Friday, December 5, 2014

Making Sense of Holy Days

Dear Parishioners,

With the Solemnity of the Immaculate Conception coming up next Monday (December 8th), I thought that this article might be helpful.

“Why do we have to attend Mass some years on a particular holy day, and on other years there is no obligation to attend Mass?”

Holy Days of Obligation often generate confusion and need clarification. In the universal Catholic Church there are ten of these days. However, each individual country is allowed--through its conference of bishops (the USCCB in America)--to decide which days are to be observed and how they are to be observed.

In the USA, the conference of bishops chose to move the observation of a number of these Holy Days to Sunday (such as Corpus Christi and the Epiphany). Still, six are retained on their actual calendar dates:

  • January 1--The Solemnity of Mary, Mother of God
  • August 15--The Assumption of the Blessed Virgin Mary
  • 40 days after Easter--The Ascension of Our Lord (Ascension Thursday)
  • November 1--All Saints Day
  • December 8--The Immaculate Conception of the Blessed Virgin Mary
  • December 25--Christmas

What is perhaps one of the most confusing aspects for almost everyone is the question: “why are we obliged to attend Mass some years and not others?” Basically, when the Holy Days fall on a Saturday or a Monday—being so close to Sunday—the bishops of the USA removed the obligation to attend Mass on those days.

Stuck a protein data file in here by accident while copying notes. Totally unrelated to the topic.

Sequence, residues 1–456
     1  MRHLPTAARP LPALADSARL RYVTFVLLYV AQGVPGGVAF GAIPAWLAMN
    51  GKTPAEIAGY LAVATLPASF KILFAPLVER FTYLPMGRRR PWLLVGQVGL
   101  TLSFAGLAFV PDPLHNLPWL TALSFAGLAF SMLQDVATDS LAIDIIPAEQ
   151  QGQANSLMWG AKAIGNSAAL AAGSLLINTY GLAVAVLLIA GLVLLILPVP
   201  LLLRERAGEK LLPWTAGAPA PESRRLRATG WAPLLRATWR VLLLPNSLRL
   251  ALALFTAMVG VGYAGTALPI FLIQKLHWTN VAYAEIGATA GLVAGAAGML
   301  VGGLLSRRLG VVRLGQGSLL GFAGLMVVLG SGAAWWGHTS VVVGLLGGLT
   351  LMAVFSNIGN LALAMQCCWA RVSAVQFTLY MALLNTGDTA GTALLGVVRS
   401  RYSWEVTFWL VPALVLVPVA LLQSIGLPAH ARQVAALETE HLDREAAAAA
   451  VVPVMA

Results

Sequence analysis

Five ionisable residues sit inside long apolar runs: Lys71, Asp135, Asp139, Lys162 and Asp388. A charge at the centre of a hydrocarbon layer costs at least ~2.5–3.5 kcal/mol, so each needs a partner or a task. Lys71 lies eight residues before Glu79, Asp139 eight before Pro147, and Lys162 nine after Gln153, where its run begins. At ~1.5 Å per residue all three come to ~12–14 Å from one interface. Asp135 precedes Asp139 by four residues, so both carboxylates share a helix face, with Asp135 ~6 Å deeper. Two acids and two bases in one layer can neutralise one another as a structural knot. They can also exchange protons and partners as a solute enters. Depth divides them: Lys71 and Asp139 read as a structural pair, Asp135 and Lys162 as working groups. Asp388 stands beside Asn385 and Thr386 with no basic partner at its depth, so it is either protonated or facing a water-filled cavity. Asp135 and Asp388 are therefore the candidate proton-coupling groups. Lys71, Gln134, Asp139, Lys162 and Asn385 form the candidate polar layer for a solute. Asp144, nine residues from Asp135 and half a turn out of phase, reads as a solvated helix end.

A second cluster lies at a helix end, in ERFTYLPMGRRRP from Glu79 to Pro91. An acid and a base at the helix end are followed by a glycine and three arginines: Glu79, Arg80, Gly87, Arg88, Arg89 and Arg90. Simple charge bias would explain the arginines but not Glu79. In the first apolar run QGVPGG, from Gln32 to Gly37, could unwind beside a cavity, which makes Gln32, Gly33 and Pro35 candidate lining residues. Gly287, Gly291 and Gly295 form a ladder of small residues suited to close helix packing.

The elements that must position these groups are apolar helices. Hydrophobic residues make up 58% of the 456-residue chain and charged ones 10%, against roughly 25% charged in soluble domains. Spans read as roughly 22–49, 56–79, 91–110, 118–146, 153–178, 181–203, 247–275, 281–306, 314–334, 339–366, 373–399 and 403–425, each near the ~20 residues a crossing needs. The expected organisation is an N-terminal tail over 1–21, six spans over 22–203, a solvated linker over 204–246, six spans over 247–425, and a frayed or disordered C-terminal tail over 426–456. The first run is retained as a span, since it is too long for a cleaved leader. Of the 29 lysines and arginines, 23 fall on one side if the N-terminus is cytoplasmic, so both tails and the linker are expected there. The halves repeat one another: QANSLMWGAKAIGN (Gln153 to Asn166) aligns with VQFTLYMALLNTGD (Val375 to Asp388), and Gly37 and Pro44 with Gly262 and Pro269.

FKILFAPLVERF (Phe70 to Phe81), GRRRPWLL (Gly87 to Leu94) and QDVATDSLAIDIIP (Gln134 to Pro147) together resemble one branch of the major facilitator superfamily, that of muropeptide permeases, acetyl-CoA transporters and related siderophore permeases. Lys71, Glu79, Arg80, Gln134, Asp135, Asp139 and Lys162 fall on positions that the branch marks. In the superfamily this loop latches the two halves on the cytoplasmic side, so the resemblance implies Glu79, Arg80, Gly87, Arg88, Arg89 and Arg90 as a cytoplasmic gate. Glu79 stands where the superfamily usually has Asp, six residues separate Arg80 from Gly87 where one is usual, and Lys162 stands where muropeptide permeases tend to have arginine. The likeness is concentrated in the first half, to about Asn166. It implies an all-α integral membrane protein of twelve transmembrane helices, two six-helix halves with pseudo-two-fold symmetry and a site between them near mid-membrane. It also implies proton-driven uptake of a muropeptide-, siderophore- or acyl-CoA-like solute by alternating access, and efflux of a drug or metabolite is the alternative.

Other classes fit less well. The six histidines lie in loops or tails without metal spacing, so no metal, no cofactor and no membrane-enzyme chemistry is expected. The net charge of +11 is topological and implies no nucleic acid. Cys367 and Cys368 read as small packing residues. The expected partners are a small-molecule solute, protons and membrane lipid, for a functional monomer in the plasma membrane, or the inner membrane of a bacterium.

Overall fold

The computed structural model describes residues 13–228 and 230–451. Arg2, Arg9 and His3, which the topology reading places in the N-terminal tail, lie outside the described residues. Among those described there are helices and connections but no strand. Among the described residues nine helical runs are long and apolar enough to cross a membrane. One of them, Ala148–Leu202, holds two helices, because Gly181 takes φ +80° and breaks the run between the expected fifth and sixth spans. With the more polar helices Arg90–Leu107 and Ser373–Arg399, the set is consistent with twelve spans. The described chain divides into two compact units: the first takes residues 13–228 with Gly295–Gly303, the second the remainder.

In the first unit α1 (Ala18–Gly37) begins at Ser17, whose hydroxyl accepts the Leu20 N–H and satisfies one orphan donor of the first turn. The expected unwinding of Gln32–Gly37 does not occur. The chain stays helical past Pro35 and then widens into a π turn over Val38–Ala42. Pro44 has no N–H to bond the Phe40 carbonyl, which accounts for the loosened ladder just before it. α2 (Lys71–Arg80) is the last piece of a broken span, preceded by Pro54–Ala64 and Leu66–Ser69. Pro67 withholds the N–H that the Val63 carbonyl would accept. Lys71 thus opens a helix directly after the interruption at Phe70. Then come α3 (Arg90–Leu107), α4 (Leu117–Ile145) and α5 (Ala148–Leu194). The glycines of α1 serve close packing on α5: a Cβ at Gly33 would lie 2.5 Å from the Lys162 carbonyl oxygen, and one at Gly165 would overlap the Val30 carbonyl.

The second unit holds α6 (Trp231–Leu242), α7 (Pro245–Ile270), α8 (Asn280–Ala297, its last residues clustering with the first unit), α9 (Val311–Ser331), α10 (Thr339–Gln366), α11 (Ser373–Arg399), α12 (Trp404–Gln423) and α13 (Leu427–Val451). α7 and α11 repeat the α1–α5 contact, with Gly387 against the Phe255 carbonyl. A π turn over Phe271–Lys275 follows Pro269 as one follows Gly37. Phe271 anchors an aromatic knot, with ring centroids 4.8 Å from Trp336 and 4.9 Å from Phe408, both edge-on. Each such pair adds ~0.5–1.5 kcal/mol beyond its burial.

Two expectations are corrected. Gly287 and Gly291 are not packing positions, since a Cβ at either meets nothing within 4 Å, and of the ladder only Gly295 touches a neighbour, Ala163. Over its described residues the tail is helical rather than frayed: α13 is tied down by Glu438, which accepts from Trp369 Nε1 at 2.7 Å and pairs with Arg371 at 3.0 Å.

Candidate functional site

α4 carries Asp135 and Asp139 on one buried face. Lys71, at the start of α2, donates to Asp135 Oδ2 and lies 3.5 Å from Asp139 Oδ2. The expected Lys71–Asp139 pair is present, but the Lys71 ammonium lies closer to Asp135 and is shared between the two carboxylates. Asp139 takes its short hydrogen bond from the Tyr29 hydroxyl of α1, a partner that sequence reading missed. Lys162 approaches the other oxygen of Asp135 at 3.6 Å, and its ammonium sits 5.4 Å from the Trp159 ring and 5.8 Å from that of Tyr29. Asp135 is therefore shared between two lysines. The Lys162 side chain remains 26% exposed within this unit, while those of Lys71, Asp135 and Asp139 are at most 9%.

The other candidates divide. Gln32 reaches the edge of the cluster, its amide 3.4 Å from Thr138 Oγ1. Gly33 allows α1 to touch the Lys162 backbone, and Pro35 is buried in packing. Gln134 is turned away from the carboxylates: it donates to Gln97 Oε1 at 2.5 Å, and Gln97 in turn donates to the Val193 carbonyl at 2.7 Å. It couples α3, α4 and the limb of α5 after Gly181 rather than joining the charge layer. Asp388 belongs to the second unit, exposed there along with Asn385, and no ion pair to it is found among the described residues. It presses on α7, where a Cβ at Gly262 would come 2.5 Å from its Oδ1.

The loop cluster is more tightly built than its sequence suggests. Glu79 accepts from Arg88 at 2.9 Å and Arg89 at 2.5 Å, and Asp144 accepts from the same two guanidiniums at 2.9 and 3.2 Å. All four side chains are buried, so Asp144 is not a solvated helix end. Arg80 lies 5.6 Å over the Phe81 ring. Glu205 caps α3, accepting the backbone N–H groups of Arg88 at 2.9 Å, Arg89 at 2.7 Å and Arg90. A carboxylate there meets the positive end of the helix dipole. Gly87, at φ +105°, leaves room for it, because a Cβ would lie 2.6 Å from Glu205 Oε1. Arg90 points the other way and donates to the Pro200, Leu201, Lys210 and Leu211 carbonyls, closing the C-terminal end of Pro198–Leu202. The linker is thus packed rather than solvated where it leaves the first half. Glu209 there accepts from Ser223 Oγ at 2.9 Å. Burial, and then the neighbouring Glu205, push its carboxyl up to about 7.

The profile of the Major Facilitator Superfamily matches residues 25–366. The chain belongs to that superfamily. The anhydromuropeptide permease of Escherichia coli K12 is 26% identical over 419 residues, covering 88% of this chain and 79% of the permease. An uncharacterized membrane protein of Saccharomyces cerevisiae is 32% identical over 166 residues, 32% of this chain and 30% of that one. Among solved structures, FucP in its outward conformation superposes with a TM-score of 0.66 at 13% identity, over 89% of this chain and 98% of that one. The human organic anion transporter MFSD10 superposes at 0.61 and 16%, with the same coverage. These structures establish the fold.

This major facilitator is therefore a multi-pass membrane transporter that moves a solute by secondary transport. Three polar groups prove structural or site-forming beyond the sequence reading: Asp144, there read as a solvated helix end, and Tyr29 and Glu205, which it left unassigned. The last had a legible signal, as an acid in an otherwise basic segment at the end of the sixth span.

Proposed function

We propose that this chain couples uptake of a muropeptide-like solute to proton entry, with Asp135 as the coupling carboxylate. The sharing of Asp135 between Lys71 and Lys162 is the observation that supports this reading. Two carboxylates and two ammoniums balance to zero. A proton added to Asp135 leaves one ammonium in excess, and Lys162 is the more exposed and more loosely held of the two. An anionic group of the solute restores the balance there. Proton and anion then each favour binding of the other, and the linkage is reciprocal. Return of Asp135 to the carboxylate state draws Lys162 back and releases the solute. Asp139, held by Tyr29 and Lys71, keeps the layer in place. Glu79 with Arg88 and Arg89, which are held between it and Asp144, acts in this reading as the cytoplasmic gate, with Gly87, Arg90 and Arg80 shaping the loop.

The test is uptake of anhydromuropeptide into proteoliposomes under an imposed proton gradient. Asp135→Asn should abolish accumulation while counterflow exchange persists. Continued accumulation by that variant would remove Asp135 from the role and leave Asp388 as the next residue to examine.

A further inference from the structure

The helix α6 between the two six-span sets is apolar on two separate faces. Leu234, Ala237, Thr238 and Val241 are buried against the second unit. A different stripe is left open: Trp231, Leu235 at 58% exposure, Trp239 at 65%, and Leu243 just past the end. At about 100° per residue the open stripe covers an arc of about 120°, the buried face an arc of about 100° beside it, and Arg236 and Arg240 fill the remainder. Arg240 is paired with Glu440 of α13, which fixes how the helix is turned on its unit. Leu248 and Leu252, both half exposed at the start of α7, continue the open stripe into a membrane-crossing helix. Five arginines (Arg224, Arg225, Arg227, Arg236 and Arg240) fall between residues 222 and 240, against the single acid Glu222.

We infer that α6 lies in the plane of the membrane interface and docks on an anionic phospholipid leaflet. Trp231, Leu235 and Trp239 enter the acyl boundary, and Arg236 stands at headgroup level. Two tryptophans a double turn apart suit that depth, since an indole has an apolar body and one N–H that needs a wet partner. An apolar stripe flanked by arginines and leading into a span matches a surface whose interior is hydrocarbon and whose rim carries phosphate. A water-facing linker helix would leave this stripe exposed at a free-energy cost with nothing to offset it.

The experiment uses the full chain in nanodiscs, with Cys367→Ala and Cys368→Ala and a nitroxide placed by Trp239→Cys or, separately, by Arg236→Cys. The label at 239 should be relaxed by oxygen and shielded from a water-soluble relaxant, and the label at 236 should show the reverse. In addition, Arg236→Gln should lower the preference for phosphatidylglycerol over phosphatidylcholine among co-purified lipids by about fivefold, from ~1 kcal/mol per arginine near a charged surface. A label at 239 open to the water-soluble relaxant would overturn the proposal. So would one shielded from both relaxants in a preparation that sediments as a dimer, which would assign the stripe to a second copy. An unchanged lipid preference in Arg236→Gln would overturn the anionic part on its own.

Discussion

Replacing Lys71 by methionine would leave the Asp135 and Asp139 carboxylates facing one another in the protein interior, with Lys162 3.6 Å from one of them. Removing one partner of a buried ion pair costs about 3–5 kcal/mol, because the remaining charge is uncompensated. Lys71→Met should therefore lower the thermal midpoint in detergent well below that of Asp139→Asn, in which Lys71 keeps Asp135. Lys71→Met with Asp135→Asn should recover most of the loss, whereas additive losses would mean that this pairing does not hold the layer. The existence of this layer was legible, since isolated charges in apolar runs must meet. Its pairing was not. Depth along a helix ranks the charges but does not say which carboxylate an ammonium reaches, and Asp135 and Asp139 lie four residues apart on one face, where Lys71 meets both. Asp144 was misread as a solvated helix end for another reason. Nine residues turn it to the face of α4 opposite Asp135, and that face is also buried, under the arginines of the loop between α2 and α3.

This is true except for the Immaculate Conception (the Patroness of the USA) and Christmas. We observe these days no matter when they occur.

[Please note, this year (2014) there is no vigil Mass on Sunday evening for the Immaculate Conception. The evening Mass on Sunday is for the 2nd Sunday of Advent.]

Now that you are thoroughly confused, I want to make a few important points for you to consider.

First, if the universal Catholic Church has considered these days holy, then they deserve our attention, consideration and observance no matter when they occur (or whether or not we are required to attend Mass).

Second, I hate to see people become so legalistic that we are constantly looking to observe the bare minimum that we could possibly do for God. We should develop an attitude of generosity toward God and not an attitude resembling something like a minimum daily requirement. What if God had that type of attitude toward us?

Finally, these holy days should be a reminder for us to try to bring the sacred into our daily routine.

There are so many things that can distract us from God in the world today. Recalling and observing these sacred days and the events that they represent are a good way for us to Christianize our lives, family and world.

I hope to see you in Church at Mass on these days because you want to be there, not because you sometimes are obliged to do so.

Fr. Ed Namiotka


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